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Sucrose VS Glucose VS Fructose
Sucrose, Glucose and fructose are all nuanced types of sugar with differences in their chemical structures. They are generally catagorised into 2 types, monosaccharides and disaccharides.
is basically table sugar. Sucrose is a disaccharide, which is made up of 2 monosaccharides – one molecule of fructose and one molecule of glucose. Why is it important to know this? It is because, the body needs to break down sucrose into its singular molecules in the small intestine before it can be absorbed.
it is known as simple sugar or a monosaccharide. Since it cannot be broken down further, it gets absorbed directly across the lining of the small intestine into the blood stream. As it raises blood sugar the fastest, it significantly stimulates the release of insulin from the pancreas to control the blood sugar levels. The insulin helps the cells make use of the glucose for energy, with the excess stored as glycogen for future use. And the even more excess will be stored as fats.
For Fructose (or fruit sugar)
it is also a monosaccharide, and gets directly absorbed into the blood stream. However, it does not raise your blood sugar levels as fast as glucose does because the liver needs to convert it glucose before it can be utilised for energy (1).
Yes, no matter what sort of sugar you are getting your sources from, the bottom line you need to know is that too much of sugar still gets stored as fats and the pancreas will need to be placed on overdrive to produce insulin to tackle the spike in blood sugar levels. You may question to say that since fructose does not raise blood sugar levels that quickly, it should be the healthier version right? Well, the same argument I am going to put forth, which is, excess sugar still results in fats being stored, and this will lead to obesity. Based on numerous statistics and studies, obesity is the number 1 cause of type 2 diabetes and many other chronic illnesses.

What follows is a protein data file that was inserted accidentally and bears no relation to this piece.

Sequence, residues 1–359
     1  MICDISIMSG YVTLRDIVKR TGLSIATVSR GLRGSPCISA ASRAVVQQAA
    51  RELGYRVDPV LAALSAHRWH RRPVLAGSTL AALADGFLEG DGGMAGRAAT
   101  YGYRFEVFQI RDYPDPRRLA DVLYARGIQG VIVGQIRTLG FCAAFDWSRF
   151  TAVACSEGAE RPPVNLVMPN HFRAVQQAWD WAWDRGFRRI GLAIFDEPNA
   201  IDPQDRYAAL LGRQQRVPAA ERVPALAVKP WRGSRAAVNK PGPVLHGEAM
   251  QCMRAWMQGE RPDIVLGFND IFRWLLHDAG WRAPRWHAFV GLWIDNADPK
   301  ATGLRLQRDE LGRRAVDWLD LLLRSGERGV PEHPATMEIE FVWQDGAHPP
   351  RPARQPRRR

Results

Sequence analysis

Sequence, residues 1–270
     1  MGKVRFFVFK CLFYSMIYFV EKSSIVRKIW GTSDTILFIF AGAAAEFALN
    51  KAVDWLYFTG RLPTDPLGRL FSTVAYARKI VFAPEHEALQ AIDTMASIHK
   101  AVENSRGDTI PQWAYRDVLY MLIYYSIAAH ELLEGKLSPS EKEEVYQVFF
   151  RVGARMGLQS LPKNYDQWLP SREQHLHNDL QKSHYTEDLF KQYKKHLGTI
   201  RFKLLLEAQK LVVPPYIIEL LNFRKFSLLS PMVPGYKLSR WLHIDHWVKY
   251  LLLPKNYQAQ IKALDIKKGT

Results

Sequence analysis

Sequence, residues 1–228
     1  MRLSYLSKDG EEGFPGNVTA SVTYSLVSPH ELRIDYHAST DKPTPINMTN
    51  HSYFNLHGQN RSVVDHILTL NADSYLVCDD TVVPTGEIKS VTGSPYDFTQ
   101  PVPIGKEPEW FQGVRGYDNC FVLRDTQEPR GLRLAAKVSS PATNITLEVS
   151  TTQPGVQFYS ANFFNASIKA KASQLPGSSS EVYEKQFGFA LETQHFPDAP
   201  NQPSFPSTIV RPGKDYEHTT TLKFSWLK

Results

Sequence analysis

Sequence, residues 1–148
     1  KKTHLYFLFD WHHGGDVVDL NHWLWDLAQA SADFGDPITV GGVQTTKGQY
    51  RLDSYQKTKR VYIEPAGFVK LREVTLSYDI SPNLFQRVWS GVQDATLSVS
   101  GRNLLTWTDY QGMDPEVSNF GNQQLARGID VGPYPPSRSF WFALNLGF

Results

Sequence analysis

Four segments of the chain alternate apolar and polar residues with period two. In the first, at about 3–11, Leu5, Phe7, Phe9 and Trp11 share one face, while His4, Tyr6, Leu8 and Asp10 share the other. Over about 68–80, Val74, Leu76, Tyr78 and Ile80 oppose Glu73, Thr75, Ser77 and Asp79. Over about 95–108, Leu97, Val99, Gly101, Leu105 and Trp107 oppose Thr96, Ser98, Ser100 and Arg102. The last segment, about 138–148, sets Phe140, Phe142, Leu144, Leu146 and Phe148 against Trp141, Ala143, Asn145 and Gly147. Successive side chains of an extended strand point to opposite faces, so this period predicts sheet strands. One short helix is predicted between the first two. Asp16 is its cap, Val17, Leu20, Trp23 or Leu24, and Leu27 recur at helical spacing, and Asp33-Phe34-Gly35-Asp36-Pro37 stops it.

Common Names of Sugars you should note!
There are many names given to added sugar and It can be confusing. Some may even sound like they are better, healthier alternatives. When it comes to added sugar, which is the ones that we are most concerned about, rather than those naturally occurring in whole foods, we basically have 3 most common groups, namely sucrose, glucose and fructose. These are the most common sugar groups that are added to foods to make them taste better.
Common sugar names
Other than sucrose, those sugars that contain both fructose and glucose include :
- High Fructose corn syrup
- Brown sugar
- Cane sugar
- Castor sugar
- Coconut sugar
- Fruit juice, fruit juice concentrate (yes even though fruits contain fructose, they also contain certain percentage of glucose as well)
- Maple syrup
- Raw sugar
Some sugars that only contain glucose :
- Barley malt
- Brown rice syrup
- Corn syrup
- Malt syrup
Those sweeteners that only contain fructose are usually just called fructose in the ingredient list.
This list is of course non exhaustive, but the most important thing to look out for will also be the nutrition facts panel. This will be indicative of the grams per serving when you consume the food item (2).
By : Alvin Ho
B (Eng), MBA, Certified Allied Healthcare/Fitness Professional (EIMS), Master Fitness Trainer / Fitness Nutrition, Resistance & Endurance Training Specialist (NFPT)